An anonymous reader writes "Ars Technica published an article Friday highlighting the results from research conducted by a money-in-politics watchdog regarding the 28 congressmen who sent a combined total of three letters to the FCC protesting against re-classifying the internet as a public utility. These 28 members of the U.S. House of Representatives 'received, on average, $26,832 from the "cable & satellite TV production & distribution" sector over a two-year period ending in December. According to the data, that's 2.3 times more than the House average of $11,651.' That's average. Actual amounts that the 28 received over a two year period ranged from $109,250 (Greg Walden, R-OR) to $0 (Nick Rahall, D-WV). Look at the list yourselves, and find your representative to determine how much legitimacy can be attributed to their stated concerns for the public."
Hugh Pickens DOT Com writes "Tyler LeBlanc reports that Ottawa has a problem — a goose problem. Every summer the wandering waterfowl return to the beaches that line the Ottawa River leaving high concentrations of geese poop on beaches and in shallow water, which can lead to outbreaks of infection in human populations, particularly children. In the past, the city has tried a number of different methods of ridding their beaches of the geese, but this year, they are going high-tech. Steve Wambolt, the founder of Aerial Perspective, modified a drone with some flashing lights and speakers and took to the skies. 'I took existing land-based anti-pest technology and put it on a helicopter,' says Wambolt. 'When I tested it at the beach a few days later it worked remarkably well.' Using pre-recorded predatory calls (video) from hawks, eagles, owls, ravens and even wolves, Wambolt stalks the beaches of Petrie Island in an attempt to scare the loitering geese away from the area for good."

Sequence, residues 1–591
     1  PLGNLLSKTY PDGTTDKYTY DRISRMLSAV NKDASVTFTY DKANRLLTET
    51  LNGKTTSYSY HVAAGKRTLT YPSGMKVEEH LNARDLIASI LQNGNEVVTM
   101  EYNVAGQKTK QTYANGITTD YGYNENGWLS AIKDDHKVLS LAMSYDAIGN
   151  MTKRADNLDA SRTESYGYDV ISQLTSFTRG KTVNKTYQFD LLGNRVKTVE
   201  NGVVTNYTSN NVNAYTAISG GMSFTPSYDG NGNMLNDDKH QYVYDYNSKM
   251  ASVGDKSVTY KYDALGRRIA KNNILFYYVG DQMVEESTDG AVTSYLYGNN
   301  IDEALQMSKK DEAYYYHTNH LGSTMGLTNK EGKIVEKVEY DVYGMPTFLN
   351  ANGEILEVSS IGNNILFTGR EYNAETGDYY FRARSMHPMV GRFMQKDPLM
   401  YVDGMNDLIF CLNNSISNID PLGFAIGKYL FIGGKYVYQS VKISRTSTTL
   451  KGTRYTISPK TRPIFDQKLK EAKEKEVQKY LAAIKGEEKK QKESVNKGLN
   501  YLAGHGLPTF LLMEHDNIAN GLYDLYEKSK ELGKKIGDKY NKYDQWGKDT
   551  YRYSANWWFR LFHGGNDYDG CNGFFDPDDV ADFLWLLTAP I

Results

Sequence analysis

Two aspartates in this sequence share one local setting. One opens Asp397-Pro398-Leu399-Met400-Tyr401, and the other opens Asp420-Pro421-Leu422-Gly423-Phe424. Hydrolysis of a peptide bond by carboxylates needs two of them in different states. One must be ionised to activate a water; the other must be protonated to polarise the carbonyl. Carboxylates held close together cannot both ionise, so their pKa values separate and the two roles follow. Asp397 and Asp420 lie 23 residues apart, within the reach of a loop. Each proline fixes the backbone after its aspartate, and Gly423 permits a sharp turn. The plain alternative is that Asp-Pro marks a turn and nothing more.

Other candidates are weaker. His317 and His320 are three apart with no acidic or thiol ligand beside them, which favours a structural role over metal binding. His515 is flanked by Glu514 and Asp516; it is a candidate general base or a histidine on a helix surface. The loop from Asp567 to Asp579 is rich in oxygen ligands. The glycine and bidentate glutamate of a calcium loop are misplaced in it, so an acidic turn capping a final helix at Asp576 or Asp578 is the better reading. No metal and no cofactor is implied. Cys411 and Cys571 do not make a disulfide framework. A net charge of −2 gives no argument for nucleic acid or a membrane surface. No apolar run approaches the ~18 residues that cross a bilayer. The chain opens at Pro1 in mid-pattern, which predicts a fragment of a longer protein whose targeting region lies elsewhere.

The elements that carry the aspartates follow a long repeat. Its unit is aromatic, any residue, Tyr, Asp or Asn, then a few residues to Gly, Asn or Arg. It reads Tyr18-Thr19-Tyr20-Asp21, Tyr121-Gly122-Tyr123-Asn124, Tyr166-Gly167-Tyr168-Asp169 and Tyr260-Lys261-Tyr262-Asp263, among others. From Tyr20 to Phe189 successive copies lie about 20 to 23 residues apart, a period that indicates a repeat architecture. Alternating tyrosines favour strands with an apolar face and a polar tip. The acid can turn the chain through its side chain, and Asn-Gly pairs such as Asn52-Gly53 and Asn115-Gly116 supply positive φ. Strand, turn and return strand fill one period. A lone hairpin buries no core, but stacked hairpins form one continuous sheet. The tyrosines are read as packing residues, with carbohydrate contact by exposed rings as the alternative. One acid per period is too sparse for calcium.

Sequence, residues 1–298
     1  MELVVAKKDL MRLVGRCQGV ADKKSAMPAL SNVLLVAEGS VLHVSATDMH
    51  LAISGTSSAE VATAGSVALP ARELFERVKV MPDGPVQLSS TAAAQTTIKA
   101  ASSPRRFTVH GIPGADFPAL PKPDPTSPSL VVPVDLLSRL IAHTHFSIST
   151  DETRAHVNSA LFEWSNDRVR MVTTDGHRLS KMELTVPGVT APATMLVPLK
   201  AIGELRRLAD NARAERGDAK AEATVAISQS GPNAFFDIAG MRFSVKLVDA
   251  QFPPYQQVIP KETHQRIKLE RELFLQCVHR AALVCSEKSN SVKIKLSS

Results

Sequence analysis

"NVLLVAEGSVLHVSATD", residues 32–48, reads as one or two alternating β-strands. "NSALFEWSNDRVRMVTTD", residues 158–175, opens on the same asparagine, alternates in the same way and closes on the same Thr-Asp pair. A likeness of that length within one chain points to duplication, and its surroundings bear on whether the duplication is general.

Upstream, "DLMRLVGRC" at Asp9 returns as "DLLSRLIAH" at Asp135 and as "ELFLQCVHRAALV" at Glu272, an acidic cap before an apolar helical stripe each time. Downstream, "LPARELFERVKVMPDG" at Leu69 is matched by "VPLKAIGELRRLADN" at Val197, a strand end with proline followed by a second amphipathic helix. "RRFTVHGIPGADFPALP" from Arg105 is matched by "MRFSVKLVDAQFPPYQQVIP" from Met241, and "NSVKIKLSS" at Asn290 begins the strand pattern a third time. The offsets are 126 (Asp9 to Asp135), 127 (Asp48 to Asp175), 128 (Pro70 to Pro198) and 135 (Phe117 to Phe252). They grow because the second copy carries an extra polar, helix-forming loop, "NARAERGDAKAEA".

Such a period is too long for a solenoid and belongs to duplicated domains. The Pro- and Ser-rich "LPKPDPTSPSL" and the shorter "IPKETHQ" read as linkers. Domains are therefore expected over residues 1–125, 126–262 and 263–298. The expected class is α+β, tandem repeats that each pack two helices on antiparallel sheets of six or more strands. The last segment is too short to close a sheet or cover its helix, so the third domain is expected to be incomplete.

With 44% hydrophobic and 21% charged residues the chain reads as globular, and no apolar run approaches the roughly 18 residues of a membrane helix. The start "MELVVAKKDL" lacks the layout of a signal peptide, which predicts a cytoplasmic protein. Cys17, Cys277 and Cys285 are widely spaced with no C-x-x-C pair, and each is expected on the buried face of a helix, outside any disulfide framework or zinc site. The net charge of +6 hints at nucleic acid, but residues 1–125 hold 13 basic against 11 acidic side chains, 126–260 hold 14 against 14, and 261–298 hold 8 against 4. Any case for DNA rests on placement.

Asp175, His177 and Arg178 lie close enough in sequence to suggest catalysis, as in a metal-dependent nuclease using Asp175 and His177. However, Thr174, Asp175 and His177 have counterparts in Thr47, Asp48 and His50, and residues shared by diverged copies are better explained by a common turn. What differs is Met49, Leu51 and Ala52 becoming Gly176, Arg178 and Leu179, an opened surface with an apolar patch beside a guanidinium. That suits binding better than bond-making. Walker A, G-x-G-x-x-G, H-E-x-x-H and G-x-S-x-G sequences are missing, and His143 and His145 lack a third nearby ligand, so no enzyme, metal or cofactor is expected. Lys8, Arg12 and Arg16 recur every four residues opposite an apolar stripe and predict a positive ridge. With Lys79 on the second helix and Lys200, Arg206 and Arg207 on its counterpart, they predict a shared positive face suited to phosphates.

theodp writes: "'The NSA,' writes POLITICO's Stephanie Simon in her eye-opening Data Mining Your Children, 'has nothing on the ed tech startup known as Knewton. The data analytics firm has peered into the brains of more than 4 million students across the country. By monitoring every mouse click, every keystroke, every split-second hesitation as children work through digital textbooks, Knewton is able to find out not just what individual kids know, but how they think. It can tell who has trouble focusing on science before lunch — and who will struggle with fractions next Thursday.' Simon adds, 'Even as Congress moves to rein in the National Security Agency, private-sector data mining has galloped forward — perhaps nowhere faster than in education. Both Republicans and Democrats have embraced the practice. And the Obama administration has encouraged it, even relaxing federal privacy law to allow school districts to share student data more widely.'"